The greater part of our population are waiting till they can afford to have pleasant homes, forgetting that they can at no time afford to have any other. We take the color of our daily surroundings, and are happier, more amiable, stronger to labor and firmer to endure, when those surroundings are pleasing and in good taste. To possess these important qualities they need not be expensive. True beauty is cheaper than we think.
The first charm of a home, within and without, is thorough neatness, and this is the result of habit, not outlay. It is oftener cheaper than filth. Paint the house if you can; if not, whitewash: but in any case let it be in thorough repair.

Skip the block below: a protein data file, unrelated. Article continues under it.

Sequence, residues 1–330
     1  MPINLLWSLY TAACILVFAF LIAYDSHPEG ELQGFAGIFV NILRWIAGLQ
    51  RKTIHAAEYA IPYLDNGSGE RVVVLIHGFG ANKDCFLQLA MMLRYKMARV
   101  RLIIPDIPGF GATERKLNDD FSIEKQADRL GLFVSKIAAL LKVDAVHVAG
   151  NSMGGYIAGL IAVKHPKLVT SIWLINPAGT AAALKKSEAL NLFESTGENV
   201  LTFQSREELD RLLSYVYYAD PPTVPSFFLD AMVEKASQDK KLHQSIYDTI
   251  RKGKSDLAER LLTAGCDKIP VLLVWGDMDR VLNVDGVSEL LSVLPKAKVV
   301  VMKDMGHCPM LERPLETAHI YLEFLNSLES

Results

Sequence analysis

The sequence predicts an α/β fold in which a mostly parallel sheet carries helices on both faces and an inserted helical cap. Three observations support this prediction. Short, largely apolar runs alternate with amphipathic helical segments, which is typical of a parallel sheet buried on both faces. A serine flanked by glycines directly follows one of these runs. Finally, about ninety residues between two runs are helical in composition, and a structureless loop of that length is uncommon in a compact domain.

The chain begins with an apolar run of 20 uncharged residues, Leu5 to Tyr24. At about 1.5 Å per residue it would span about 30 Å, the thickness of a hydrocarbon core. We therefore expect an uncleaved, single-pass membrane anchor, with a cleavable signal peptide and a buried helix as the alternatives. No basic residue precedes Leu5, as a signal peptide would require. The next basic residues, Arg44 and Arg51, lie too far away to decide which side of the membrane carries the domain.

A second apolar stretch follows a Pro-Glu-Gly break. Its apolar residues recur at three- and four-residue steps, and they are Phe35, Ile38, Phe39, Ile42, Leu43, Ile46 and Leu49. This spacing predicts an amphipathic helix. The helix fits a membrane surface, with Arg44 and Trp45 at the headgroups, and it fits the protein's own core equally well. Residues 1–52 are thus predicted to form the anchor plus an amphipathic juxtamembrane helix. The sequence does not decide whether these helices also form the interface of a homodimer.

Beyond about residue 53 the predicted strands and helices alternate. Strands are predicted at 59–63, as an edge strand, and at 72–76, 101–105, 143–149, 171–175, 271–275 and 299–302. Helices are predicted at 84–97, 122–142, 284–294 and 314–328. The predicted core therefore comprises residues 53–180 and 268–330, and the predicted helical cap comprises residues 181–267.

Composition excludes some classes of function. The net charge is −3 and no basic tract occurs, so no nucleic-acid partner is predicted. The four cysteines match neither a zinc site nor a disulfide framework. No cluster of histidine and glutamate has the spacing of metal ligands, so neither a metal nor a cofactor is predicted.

Let there be no loose shingles or dangling clapboards, or gates hanging by a broken hinge. These hints favor thrift as well as taste.
Let the house be sufficiently shaded. This will pay in comfort, wear of furniture, and lack of flies. If you cannot afford green blinds, you can always afford a green tree or two, that costs nothing but labor and patience, and will shelter you from the sun in summer and the wind in winter.
Let your turf be smooth and firm as velvet, and enforce the death penalty upon weeds with an unsparing hand. No man, rich or poor, can afford to raise weeds. They choose the richest spots, where flowers, or fruit, or vegetables might grow, and send abroad their seeds as missionaries of evil into every nook and corner.